Mr Mikelis points out that in many yards, international standards are in place, workers wear protective equipment where this was not available in the past, and concrete hard standing is now being provided on the foreshore of the recycling yards.

This is an important issue, that will affect all ship operators to a greater or lesser extent, who find themselves caught up in the conflict of principle and interest that is likely to rumble on until the Hong Kong Convention (HKC) on the recycling of ships comes into force, hopefully bringing to an end the ambiguities surrounding the applicability of the Basel Convention on the trans-boundary movement of waste and the activities of its various activist supporters. Pressure upon high profile operators to avoid beaching systems of, despite a notable lack of practical alternatives with Chinese yards buying few foreign ships, might be thought to increase the urgency for more flag states to ratify the International Maritime Organization (IMO) treaty and speedily bring it into force.

Source: Fiji Times. 7 January 2015

Shipyards at Sitakunda face closure over blockade

Scraps, plates, other materials lying unsold

CHITTAGONG, Jan 23: The ship- breaking yards in Sitakunda seacoast are on the verge of closure as it has suffered big economic loss in 18 days of the nationwide blockade from January 6 last. The blockade will leave some 0.2 million workers jobless.

There has been a drastic fall in production of scraps, plates and other materials due to recent blockade enforced by the BNP-led opposition as the products have remained unsold.

Huge stockpiles of scraps, plates and machineries of the scrapped vessels were found lying unsold in the shipyards and on both sides of the Dhaka-Chittagong highway.

The yards could not make supply of their goods due to continuous blockade and intermittent hartals enforced by the opposition parties. The highway, the lifeline of the country as called by the businesspersons, industrialists and traders, has been experiencing incidents of arson attack as vehicles plying at night come under attacks of petrol-bombs by unidentified miscreants.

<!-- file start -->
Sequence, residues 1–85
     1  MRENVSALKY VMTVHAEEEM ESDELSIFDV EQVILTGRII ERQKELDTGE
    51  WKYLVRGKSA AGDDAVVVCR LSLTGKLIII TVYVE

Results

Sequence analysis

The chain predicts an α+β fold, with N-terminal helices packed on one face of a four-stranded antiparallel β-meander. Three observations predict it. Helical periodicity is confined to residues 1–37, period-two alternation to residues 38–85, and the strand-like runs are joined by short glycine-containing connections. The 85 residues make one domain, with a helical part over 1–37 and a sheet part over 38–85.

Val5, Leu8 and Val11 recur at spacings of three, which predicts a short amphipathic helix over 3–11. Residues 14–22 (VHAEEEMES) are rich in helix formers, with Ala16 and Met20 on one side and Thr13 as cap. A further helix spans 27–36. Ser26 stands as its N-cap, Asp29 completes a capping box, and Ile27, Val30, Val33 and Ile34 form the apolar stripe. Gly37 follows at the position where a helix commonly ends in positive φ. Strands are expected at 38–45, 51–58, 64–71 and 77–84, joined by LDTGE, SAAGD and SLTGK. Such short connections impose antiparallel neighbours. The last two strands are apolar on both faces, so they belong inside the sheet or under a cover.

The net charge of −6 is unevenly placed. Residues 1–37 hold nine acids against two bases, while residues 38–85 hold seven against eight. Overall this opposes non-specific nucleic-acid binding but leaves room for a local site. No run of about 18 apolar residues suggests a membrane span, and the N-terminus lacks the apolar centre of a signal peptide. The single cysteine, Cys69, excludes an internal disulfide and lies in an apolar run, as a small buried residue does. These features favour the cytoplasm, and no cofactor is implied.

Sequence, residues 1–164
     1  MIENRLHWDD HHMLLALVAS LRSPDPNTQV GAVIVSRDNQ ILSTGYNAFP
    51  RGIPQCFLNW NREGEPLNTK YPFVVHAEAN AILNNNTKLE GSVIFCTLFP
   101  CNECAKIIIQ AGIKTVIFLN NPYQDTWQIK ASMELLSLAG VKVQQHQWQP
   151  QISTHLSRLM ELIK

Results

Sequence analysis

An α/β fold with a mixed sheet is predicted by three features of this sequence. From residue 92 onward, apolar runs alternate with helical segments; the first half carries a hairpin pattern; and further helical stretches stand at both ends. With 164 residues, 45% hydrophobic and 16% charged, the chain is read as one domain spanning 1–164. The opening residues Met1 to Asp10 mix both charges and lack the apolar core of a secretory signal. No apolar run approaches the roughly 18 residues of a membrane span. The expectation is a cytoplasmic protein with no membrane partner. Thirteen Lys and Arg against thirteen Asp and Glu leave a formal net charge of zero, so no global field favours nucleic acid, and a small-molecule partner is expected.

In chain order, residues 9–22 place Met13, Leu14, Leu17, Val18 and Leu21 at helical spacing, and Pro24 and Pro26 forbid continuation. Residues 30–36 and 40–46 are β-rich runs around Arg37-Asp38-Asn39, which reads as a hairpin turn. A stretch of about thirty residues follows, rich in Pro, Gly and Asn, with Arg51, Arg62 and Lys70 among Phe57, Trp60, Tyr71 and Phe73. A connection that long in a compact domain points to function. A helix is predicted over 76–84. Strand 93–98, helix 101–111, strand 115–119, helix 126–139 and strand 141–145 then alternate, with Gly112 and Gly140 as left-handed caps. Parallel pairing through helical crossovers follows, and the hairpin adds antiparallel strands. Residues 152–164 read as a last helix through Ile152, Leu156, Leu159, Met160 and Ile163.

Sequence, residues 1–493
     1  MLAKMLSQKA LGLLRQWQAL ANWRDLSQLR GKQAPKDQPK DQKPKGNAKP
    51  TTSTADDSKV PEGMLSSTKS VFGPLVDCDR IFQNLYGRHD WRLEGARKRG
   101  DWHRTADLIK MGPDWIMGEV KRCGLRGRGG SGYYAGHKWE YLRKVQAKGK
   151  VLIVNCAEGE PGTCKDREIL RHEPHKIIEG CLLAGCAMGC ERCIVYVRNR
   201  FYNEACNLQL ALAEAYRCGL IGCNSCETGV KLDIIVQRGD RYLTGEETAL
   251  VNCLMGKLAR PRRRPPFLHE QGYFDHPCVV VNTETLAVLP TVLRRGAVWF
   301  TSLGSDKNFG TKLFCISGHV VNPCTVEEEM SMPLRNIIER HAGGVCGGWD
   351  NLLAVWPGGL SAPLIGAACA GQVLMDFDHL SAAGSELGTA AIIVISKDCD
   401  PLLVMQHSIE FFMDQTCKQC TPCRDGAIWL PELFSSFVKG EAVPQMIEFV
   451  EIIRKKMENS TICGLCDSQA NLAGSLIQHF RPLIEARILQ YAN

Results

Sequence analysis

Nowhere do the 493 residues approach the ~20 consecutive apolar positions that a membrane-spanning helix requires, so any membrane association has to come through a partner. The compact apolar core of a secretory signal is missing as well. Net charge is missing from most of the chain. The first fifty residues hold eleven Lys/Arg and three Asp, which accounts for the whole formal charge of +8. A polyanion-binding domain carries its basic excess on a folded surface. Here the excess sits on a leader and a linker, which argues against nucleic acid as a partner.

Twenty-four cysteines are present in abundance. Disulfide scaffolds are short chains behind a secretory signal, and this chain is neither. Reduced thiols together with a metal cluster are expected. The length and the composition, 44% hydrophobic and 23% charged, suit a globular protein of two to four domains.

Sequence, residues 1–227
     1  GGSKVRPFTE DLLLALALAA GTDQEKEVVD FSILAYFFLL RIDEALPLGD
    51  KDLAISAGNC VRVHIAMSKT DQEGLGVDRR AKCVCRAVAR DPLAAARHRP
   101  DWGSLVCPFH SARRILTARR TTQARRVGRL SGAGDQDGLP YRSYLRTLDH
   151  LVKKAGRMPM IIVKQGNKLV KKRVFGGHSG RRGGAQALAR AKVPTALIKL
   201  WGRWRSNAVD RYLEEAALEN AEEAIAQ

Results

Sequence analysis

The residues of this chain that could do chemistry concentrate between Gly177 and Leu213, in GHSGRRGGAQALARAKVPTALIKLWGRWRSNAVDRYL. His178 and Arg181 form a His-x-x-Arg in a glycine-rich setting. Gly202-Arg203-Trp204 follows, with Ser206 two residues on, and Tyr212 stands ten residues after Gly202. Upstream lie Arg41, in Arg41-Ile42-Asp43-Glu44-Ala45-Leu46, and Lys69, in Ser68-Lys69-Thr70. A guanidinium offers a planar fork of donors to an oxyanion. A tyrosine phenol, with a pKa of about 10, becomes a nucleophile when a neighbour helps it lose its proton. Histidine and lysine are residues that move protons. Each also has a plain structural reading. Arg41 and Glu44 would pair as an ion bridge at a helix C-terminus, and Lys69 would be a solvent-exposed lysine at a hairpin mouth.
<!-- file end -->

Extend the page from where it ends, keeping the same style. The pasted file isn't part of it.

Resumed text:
Bangladesh Ship Breakers Association leaders said that at least 50 truck-loads of scraps and plates of the ship- breaking yards were transported to different areas of the country a day even in the last year. But delivery of goods has come down drastically over the last few weeks while charges for carrying oxygen used in ship cutting and dismantling continue.

The transport fare has almost doubled while the prices of scraps and plates have come down drastically, industry insiders have said adding that the production in the re-rolling mills based on the raw materials from the ship-breaking yards has also remained suspended.

Eighty per cent of the raw materials of the country's re-rolling mills are supplied from the ship- breaking yards, they said.

Sources said the market price of scrap of the ship-breaking yards per kilogram (kg) was Tk 35 to 36 and scrap price per kg was Tk 41 to 42 during last November and December.

But the price of scrap has come down to Tk 30 per kg and that of plates dropped to Tk 37 per kg. On the other hand, the shipyard owners have to buy scrap oil tankers at Tk 40/42 per kg and other scrap vessels at Tk 37/38 per kg.

The ship -breaking yards are counting a financial loss of Tk 10 to 12 per kg on account of purchasing scrap ships, which led many shipyards to close down over the last three years.

The political instability caused by hartal, blockade and other programmes in the country since 2012 has led to closure of as many as 40 shipyards in Sitakunda including 10 shipyards locked up by the loan providing banks as the clients have failed to repay the loans and interests.

Over the last one year (2014) the ship- breaking business ran smoothly in the comparatively calm political situation, but the business becomes highly risky again under the present blockade and hartal programmes, said Abu Taher, president of Bangladesh Ship Breakers Association and owner of Taher & Brothers Shipyard.

As many as 105 ship- breaking yards have been developed in 15 kilometres of the seacoast area of Bhatiary, Madam Bibir Hat, Sonaichari, Kumira and Jore Amtal under Sitakunda upazila.

The industry started its journey with only four shipyards in Fouzderhat area in the upazila in 1980.

The government collects Tk 9.0 billion in revenue annually, sources said, adding that some of the items of the scrap vessels are also exported to some countries.

Source: the financial express. 24 January 2015

Harvey Gulf Outsources IHM to Metizoft